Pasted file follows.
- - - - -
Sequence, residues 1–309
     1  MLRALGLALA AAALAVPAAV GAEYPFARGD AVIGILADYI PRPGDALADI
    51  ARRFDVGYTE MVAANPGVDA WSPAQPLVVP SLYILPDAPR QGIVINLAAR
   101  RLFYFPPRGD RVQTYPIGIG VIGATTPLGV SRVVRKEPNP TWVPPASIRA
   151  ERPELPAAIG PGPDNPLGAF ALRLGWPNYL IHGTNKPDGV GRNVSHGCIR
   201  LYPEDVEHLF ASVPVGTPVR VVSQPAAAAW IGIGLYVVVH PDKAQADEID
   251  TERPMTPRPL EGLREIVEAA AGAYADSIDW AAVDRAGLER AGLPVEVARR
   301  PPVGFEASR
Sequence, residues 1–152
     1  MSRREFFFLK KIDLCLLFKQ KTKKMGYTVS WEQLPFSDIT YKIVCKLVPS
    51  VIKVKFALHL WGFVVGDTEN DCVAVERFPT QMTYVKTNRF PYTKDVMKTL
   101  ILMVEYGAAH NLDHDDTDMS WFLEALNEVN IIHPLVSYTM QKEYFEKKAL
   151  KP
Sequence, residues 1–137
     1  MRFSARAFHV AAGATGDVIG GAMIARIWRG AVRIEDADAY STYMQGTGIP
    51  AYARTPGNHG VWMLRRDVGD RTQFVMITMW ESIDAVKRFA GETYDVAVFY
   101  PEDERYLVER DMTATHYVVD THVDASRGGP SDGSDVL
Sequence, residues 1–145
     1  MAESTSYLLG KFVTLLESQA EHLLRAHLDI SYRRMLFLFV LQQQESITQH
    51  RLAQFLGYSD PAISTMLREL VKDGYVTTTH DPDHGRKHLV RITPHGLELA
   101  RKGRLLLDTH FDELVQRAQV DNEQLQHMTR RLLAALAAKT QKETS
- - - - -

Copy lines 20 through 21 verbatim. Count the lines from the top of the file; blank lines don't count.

    51  RLAQFLGYSD PAISTMLREL VKDGYVTTTH DPDHGRKHLV RITPHGLELA
   101  RKGRLLLDTH FDELVQRAQV DNEQLQHMTR RLLAALAAKT QKETS